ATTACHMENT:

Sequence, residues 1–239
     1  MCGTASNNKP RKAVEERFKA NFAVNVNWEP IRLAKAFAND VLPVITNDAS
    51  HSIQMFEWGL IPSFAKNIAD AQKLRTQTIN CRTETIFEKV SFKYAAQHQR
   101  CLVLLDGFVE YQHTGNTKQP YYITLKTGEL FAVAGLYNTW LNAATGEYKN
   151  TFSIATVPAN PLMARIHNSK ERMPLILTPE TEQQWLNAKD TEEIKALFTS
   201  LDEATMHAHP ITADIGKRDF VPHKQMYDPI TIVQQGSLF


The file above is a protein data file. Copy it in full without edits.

Sequence, residues 1–239
     1  MCGTASNNKP RKAVEERFKA NFAVNVNWEP IRLAKAFAND VLPVITNDAS
    51  HSIQMFEWGL IPSFAKNIAD AQKLRTQTIN CRTETIFEKV SFKYAAQHQR
   101  CLVLLDGFVE YQHTGNTKQP YYITLKTGEL FAVAGLYNTW LNAATGEYKN
   151  TFSIATVPAN PLMARIHNSK ERMPLILTPE TEQQWLNAKD TEEIKALFTS
   201  LDEATMHAHP ITADIGKRDF VPHKQMYDPI TIVQQGSLF